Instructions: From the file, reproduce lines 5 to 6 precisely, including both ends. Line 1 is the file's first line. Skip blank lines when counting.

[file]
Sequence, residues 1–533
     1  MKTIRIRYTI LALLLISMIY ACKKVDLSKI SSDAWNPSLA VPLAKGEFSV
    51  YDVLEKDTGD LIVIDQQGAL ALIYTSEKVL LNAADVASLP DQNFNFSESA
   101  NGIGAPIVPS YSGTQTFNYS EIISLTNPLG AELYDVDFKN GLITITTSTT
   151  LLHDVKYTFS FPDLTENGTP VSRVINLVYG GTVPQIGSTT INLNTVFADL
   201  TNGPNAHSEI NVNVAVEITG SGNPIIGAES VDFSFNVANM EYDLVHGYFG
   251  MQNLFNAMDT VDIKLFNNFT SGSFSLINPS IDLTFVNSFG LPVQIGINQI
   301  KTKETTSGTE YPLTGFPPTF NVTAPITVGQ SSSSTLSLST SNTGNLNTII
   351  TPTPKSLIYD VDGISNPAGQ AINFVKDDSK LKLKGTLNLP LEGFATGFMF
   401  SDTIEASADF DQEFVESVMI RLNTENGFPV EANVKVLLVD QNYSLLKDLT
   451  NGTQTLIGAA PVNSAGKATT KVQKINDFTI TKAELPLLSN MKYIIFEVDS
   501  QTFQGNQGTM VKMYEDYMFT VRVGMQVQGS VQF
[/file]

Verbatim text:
   151  LLHDVKYTFS FPDLTENGTP VSRVINLVYG GTVPQIGSTT INLNTVFADL
   201  TNGPNAHSEI NVNVAVEITG SGNPIIGAES VDFSFNVANM EYDLVHGYFG